The Last MS of MT, revised

This is the third revision of the story I posted, The Last MS of MT. Then ending still needs work, I think, and probably the rest of it could stand a few more hours in the sauna. It’s far from finished, but it’s getting closer, and it’s a far cry from the previous draft. Enjoy.

My older sister Daisy is the one who told me who Mark Twain was at first.

“Shit, bro,” she said. “He’s like in all the school books. Everybody know who he is. That shit’s prolly worth a million bucks.”

I wasn’t so sure about that. At twelve I lived with the virtual certainty that my sister was born with the brain of a Rhesus monkey. And besides, I reasoned, if those papers were worth a million bucks, why would Mark Twain leave them lying around in our attic?

When my father died I was allowed to go through his stuff. A couple photo albums. Some National Geographic magazines. His old dress blues. I traced the brass buttons, the white gloves, and mami glanced up from the boxes she was consolidating. “No for you,” she said, and held out her hand to take the uniform.

I found a leather folder that smelled like cat piss—I remember mentioning that detail in the book report I did for Mrs. Gravmayer’s class—containing a desiccated sheath of old papers, all written in longhand. It seemed so old-timey to me, and it was heavy in my young hands. I could barely read it, the loping scrawl was so antiquated.

I held it aloft until she looked, and mami squinted. Then nodded her assent.

I crammed the leather folder into my navy blue Jansport backpack, but I couldn’t get it closed, so I just left it sticking out.

What if Daisy was right? I didn’t even need a whole million. If the papers were worth half a million to somebody, I could probably sell them and give the money to mami. You could retire easily on half a million, I told myself. Maybe there’d be enough left to get a new skateboard. And a Nintendo. And I suppose something nice for Daisy.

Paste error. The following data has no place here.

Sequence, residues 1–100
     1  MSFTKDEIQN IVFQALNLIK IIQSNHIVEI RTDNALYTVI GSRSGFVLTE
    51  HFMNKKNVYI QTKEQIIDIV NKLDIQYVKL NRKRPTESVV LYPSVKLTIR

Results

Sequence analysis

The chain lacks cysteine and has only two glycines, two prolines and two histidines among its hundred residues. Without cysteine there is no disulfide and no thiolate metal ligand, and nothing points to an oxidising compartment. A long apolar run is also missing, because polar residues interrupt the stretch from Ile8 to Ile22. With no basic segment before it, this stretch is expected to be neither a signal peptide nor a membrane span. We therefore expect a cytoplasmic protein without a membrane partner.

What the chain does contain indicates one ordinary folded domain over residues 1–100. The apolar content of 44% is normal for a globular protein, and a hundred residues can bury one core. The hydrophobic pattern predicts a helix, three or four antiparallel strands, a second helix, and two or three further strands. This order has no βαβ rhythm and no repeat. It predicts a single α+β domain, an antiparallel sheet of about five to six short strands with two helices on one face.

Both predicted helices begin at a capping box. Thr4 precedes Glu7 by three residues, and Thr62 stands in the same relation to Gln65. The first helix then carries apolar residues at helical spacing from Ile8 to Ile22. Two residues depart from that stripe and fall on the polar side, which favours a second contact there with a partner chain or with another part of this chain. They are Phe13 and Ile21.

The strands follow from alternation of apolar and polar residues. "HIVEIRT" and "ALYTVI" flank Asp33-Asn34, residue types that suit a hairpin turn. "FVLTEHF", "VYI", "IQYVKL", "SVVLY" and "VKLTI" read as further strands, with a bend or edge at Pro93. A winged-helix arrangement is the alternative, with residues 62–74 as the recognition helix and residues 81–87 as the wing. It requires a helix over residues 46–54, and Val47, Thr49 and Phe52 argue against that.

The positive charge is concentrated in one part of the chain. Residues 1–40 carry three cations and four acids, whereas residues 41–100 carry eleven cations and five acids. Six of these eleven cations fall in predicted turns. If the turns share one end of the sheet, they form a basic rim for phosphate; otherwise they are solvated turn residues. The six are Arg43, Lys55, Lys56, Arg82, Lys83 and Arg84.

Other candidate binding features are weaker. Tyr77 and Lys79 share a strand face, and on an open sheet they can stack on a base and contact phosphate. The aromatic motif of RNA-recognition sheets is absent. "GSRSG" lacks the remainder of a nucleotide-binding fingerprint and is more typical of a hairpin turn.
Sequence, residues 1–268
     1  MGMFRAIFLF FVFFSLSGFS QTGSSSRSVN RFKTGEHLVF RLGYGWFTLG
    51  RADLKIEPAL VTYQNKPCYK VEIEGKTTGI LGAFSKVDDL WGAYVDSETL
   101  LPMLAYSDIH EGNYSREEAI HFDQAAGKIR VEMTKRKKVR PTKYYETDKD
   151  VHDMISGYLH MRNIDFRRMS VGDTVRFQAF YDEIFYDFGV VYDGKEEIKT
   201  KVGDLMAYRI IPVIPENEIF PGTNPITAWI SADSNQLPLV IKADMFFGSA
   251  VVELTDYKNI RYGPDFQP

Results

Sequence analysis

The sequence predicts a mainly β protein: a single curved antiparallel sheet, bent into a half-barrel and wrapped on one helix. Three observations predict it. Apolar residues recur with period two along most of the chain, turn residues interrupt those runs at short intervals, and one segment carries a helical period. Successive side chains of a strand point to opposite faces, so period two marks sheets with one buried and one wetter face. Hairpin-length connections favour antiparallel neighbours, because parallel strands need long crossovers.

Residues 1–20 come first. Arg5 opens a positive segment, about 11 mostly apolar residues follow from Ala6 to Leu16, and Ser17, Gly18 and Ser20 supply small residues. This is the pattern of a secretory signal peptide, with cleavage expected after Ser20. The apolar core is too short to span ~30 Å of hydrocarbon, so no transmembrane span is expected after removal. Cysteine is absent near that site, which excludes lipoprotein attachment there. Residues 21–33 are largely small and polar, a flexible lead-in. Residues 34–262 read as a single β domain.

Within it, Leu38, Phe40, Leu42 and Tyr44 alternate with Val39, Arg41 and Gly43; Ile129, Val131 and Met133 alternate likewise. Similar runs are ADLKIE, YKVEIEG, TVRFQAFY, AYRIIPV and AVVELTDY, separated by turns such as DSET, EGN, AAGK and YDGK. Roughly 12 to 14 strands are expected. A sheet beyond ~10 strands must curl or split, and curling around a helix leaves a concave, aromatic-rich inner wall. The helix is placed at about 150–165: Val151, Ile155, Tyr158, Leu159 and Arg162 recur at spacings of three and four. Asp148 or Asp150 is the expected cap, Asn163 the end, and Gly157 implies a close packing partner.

We were poor. We’d been getting a military pension after dad died, but it wasn’t a lot. My mom, a nurse by training, worked at the Lucky Chance Casino in Colma. She served food to gamblers from San Francisco, Daly City, and Pacifica. It reeked of smoke and failure. This was also around the time that Filipino and Mexican street gangs were beginning to menace the place, and I was worried for her.

I was the man of the house now, and I felt helpless but determined.

I grabbed my black and yellow Huffy bike and went down the street to sell the book.

I didn’t know about Mark Twain, had never heard the name Samuel Clemens, and certainly didn’t care about Tom Sawyer or Huckleberry Finn. There was only one book I knew of by this guy, and it was this one nobody had ever heard of. In the right-angle logic of a seventh grader, I figured an unpublished manuscript by Mark Twain would make for an excellent book report because Mrs. Gravmayer wouldn’t be able to point out mistakes if she hadn’t read it. I had my first A in the bag.

I credit Mark Twain with getting my ass into the school library for the first time. Nothing spurs scholarly pursuit like the lure of cash. It was there I learned some of my favorite Twain quotations—“The coldest winter I ever spent was a summer in San Francisco,” (so true) and “It’s not the size of the dog in the fight, but the size of the fight in the dog” (I was small but I was a scrappy fighter). It was there that I also learned that the famous Mark Twain was a failure at business and shit poor. I could relate.

All I knew about Mark Twain was that he was famous, and that he was born on a comet. This wasn’t true, of course; Mark Twain was born in 1835, the year of Halley’s Comet, and died in 1910, the next time Halley’s Comet came around. I didn’t know this at the time, and by dumb coincidence it was 1986 when I found the papers in my attic and wrote the book report: the year the Comet reappeared.